Member Since: August 19, 2006 Posts: 13 Comments: 16223
Quoting Patrap:
TC Vicente

Storm Relative 1km Geostationary Visible Imagery




Nice Pat!!
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What is JTCW saying windspeed-wise re Vicente?
Member Since: October 25, 2005 Posts: 19 Comments: 22726
Tropical Cyclone Warnings

Bulletin issued at 23:45 HKT 23/Jul/2012
Tropical Cyclone Bulletin

Here is the latest Tropical Cyclone Bulletin issued by the Hong Kong Observatory.

The Increasing Gale or Storm Signal, No. 9, is in force.

This means that winds are expected to increase significantly as Vicente moves closer to Hong Kong.

At midnight, Severe Typhoon Vicente was centred about 110 kilometres south-southwest of Hong Kong (near 21.4 degrees north 113.7 degrees east) and is forecast to move northwest at about 20 kilometres per hour in the general direction of the region to the west of the Pearl River Estuary at first. Vicente will move towards west-northwest later.

In the past few hours, Vicente intensified rapidly into a severe typhoon, edging closer to Hong Kong. Parts of the territory is already affected by storm force winds. According to the latest forecast track, Vicente is expected to skirt within 100 kilometres to the southwest of Hong Kong, towards the region to the west of the Pearl River Estuary. As the direction of local winds will turn to east to southeast, places previously sheltered from the winds will become exposed. Members of the public should be on the alert. Do not go outside.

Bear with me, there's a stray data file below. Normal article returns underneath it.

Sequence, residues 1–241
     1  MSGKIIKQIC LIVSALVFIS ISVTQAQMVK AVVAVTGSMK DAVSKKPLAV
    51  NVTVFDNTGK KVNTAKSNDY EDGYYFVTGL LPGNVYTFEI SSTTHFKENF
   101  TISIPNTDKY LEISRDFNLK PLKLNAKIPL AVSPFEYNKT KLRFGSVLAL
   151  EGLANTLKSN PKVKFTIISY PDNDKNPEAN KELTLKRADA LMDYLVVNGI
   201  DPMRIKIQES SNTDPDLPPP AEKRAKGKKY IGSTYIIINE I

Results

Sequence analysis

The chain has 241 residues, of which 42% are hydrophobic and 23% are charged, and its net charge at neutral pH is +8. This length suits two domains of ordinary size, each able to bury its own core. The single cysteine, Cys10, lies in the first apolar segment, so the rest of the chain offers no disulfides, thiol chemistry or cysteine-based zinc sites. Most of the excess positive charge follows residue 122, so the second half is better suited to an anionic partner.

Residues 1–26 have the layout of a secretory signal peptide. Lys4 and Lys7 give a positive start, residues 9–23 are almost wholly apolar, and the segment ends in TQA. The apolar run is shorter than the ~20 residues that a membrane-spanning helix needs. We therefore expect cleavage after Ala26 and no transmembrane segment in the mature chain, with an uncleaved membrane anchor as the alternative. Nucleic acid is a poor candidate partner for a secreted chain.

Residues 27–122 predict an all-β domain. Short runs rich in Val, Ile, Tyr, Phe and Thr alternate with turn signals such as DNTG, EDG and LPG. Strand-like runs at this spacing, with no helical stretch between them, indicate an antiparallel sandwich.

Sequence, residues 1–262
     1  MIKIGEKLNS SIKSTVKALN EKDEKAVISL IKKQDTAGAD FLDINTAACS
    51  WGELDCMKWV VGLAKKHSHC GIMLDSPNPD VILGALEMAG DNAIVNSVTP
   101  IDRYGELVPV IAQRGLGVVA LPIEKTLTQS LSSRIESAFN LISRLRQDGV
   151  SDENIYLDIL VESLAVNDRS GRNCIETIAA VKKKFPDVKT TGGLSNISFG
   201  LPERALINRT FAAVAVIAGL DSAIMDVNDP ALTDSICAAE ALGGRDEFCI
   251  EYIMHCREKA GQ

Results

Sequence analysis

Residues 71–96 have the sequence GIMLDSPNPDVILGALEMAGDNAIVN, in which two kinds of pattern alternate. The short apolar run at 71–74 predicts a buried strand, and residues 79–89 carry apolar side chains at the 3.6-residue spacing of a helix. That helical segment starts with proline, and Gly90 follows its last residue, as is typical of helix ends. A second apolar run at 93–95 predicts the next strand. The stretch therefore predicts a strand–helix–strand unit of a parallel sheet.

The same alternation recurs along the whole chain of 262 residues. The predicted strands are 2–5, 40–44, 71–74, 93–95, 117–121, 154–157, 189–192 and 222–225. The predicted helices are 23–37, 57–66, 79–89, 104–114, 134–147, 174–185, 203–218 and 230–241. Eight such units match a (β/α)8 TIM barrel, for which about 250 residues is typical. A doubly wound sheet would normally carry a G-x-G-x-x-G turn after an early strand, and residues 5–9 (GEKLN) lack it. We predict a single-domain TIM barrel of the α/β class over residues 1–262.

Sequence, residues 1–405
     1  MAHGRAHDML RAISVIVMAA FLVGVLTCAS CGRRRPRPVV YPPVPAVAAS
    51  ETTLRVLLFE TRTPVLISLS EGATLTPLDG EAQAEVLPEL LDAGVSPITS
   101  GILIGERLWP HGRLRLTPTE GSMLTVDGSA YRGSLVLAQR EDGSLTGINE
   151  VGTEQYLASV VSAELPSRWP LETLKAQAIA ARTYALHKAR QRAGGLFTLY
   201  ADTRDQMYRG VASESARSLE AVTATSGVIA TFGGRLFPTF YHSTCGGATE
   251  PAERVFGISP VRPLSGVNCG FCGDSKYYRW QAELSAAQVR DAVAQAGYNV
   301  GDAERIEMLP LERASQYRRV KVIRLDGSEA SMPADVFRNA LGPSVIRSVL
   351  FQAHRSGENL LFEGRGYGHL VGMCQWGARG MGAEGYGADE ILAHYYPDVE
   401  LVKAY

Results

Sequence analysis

In the past hour, the maximum sustained winds recorded at Ngong Ping, Tate's Cairn and Cheung Chau Beach were 156, 125 and 114 kilometres per hour respectively.

A high water level of about 3.0 metres above chart datum is expected at Quarry Bay between midnight and 3 a.m. The high water level may cause flooding in low-lying areas.
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The Hong kong area is about to get ran over by a stron typhoon.
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1007 mb
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Quoting Patrap:
TC Vicente

Storm Relative 1km Geostationary Visible Imagery



Some serious hot towers saying hello there.
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TC Vicente

Storm Relative 1km Geostationary Visible Imagery


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Typhoon VICENTE: Current probability of Cat 1 or above winds



Typhoon VICENTE: Modelled wind field at 0 hours lead
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Jeff co-founded the Weather Underground in 1995 while working on his Ph.D. He flew with the NOAA Hurricane Hunters from 1986-1990.